CUOMO: I don't get how they thought this one through, but ultimately all that will matter is what he says his position is and sticking to it. But, you know, this is what it's like now that they're into the teeth of the campaign. So, we're doing two different hamlet deals, one with Biden and one with the top Democrats. What is the way forward in doing their job? SCIUTTO: Yes. No question. The only question is impeachment, no question in this that disagreement breaking out into the public, Nadler versus Pelosi. I'm sure we're going to see lot more of that. I know you're going to dive in. Chris Cuomo, see you very shortly.

CUOMO: My man.

SCIUTTO: Coming up next, meet a Colorado couple who say they got sick at the same Dominican Republic resort where three Americans have recently died.

And a quick programming note, Van Jones meets a man who spent the last two decades struggling with PTSD and a spinal injury, this after being shot multiple times in 1994. It is on "The Redemption Project," Sunday night, 9:00 p.m. right here on CNN.


[20:56:11] SCIUTTO: Authorities in the Dominican Republic have released preliminary autopsy results in three cases involving American tourists who died at the very same resort within five days of each other.

They find that one woman suffered a heart attack, a couple each had internal bleeding as well as fluid in their lungs. The final cause of death for all three is yet to be determined. All of which is of great interest to a Colorado couple who say that they stayed at the very same resort last year and believe they were also poisoned.

Here is CNN Senior Investigative Correspondent Drew Griffin.


DREW GRIFFIN, CNN SENIOR INVESTIGATIVE CORRESPONDENT (voice-over): Kaylynn Knull reached out to CNN almost immediately after learning three Americans just died at the same resort in the Dominican Republic where she believes she was poisoned along with her boyfriend.

(on camera) What is your reaction?

KAYLYNN KNULL, SAYS SHE WAS POISONED AT BAHIA PRINCIPE RESORT: Blood boiling. It's too coincidental with the symptoms that we had for me to even begin to stay quiet about it.

GRIFFIN (voice-over): One year ago this month, the Colorado couple traveled to the all inclusive Grand Bahia Principe Resort La Romana. And for the first few days it seemed a vacation of a lifetime, but on the 6th day, Knull became ill.

KNULL: I woke up with a head ache one morning. We had gone to breakfast to see if I could get some water, get some juice, try some food, feel better. And then when we came back to the room, it actually hit us a lot stronger and we smelt the smell of chemicals.

GRIFFIN: She got progressively worse, then her boyfriend, Tom Schwander, started feeling it too. They say they were sweating, drooling, dizzy, nauseous. It wouldn't go away. Neither would the smell in their hotel room.

KNULL: We saw a housekeeper outside and we called her in to see if she could come in. She walked maybe five or six feet into the room and turned around and said I'm not doing that. And then got on her walkie-talkie to the front desk and said something is going on with this room. She refused to come in and clean it.

GRIFFIN: Kaylynn and Tom had seen someone spraying plants near the air conditioner outside their room. They assumed it was pesticide, but the hotel wouldn't say what it was. They switched rooms twice. It didn't help.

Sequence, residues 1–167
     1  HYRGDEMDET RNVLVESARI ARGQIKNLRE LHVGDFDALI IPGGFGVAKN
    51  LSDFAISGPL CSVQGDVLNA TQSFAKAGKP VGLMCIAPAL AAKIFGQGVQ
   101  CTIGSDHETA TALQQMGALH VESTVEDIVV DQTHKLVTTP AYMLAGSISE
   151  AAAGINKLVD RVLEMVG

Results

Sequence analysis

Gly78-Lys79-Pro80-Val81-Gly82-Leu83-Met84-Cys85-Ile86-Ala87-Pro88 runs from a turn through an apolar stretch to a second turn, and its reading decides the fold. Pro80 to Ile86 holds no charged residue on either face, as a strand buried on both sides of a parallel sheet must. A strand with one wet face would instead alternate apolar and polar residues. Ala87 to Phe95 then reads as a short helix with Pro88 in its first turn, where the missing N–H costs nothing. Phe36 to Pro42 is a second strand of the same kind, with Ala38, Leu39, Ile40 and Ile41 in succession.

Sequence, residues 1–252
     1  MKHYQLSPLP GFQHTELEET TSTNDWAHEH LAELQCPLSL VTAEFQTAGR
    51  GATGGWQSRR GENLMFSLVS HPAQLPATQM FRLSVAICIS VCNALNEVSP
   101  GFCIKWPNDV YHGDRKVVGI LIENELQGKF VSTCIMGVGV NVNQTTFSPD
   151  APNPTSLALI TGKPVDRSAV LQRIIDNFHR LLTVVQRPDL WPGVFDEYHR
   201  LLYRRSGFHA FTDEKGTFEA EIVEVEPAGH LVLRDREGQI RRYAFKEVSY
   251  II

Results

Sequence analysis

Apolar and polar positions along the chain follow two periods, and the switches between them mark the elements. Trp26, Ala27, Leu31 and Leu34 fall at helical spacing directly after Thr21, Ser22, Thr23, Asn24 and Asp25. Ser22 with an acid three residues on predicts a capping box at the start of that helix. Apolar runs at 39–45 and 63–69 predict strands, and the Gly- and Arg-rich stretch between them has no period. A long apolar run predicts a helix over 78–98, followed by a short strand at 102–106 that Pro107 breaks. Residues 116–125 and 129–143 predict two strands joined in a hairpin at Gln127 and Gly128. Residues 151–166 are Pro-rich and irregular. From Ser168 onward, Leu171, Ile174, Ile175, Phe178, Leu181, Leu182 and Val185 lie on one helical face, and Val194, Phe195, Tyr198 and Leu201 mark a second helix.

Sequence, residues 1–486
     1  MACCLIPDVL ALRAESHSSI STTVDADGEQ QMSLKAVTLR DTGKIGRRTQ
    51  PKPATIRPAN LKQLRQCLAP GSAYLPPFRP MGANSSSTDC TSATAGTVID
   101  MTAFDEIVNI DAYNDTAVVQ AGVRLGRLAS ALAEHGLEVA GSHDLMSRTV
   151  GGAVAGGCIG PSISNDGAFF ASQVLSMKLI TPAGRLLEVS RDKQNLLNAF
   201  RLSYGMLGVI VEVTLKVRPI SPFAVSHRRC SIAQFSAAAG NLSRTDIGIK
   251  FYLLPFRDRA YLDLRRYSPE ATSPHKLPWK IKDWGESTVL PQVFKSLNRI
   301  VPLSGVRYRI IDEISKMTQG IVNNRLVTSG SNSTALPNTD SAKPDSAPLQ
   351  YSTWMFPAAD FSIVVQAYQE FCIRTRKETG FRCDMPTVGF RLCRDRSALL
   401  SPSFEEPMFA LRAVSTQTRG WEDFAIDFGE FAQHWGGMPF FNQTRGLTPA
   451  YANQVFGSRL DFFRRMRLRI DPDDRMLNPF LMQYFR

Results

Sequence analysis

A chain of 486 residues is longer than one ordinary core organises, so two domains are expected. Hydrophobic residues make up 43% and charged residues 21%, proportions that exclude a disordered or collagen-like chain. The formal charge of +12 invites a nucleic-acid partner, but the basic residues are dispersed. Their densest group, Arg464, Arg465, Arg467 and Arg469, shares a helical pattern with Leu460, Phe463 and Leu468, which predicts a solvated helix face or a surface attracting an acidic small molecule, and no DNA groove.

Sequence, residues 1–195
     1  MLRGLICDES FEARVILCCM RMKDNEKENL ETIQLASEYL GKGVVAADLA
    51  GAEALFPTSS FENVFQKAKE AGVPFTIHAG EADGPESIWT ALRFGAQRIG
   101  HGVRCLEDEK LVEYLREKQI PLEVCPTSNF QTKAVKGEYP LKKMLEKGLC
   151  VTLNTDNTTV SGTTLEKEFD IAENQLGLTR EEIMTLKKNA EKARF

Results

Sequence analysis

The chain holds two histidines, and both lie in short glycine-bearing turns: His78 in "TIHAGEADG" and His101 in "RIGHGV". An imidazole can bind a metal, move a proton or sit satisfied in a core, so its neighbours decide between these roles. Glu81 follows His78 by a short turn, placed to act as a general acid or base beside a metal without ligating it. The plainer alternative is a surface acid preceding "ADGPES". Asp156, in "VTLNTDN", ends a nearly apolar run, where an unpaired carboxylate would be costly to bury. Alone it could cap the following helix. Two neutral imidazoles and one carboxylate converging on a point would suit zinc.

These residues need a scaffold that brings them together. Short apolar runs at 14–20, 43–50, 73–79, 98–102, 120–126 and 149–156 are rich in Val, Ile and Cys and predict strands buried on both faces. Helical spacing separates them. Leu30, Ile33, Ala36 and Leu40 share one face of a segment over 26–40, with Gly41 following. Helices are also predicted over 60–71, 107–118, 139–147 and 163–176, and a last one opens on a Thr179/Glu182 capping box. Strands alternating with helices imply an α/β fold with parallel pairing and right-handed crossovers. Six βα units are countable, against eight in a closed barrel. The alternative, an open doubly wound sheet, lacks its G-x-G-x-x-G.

TOM SCHWANDER, SAYS HE WAS POISONED AT BAHIA PRINCIPE RESORT: It progressed over the rest our trip and then over the course of a couple of weeks after.

GRIFFIN (on camera): A couple of weeks?

SCHWANDER: Yes. The abdominal cramping and the G.I. upset lasted for a few weeks.

GRIFFIN: And you said drooling?

SCHWANDER: Yes, drooling.


SCHWANDER: Bad sweat, tearing.


SCHWANDER: Dizzy, nauseous, yes, and the abdominal cramping was the worst. That was the hardest symptom to deal with. There's just so much pain.

GRIFFIN (voice-over): Back in Colorado, Knull's physician diagnosed her with organophosphate poisoning. Schwander's doctors suspect the same thing. Heavily regulated and in some cases banned in the U.S., organophosphate are man-made chemicals found in insecticides.

Exposure can cause increased saliva, tear production, diarrhea, nausea, sweating, confusion and death. The couple says they still have occasional symptoms and they are most concerned about their future health. Even after filing a lawsuit, they still do not know what exactly poisoned them.

KNULL: Honestly, all I wanted was the chemical name. That is all I ever wanted. I could care less about the money if I can save my own life later and him, too. It's what happened to him, what happened to me. What is it that we can do at this point?


SCIUTTO: And Drew Griffin joins us now. Drew, you've investigating this. Has a company confirmed any of this? What's their response? GRIFFIN: Their response is really no response. They have failed to answer just about all of our questions, Jim, and they will not speak specifically about this case with this couple because there's litigation involved.

In the meantime, the company is chastising us basically to not even speculate on the current death investigations happening at the same resort while those investigations continue. So we're not getting much at all from Bahia Resorts.

SCIUTTO: Drew Griffin, thanks very much. The news continues. I'm going to hand it over to my friend, Chris, for "Cuomo Prime Time."